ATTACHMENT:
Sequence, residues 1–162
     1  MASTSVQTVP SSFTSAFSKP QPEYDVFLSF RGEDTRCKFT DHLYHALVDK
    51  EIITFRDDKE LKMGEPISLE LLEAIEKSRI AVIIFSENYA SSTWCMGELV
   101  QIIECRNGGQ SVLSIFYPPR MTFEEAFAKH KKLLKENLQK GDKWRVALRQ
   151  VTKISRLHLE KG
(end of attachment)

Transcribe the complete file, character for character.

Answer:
Sequence, residues 1–162
     1  MASTSVQTVP SSFTSAFSKP QPEYDVFLSF RGEDTRCKFT DHLYHALVDK
    51  EIITFRDDKE LKMGEPISLE LLEAIEKSRI AVIIFSENYA SSTWCMGELV
   101  QIIECRNGGQ SVLSIFYPPR MTFEEAFAKH KKLLKENLQK GDKWRVALRQ
   151  VTKISRLHLE KG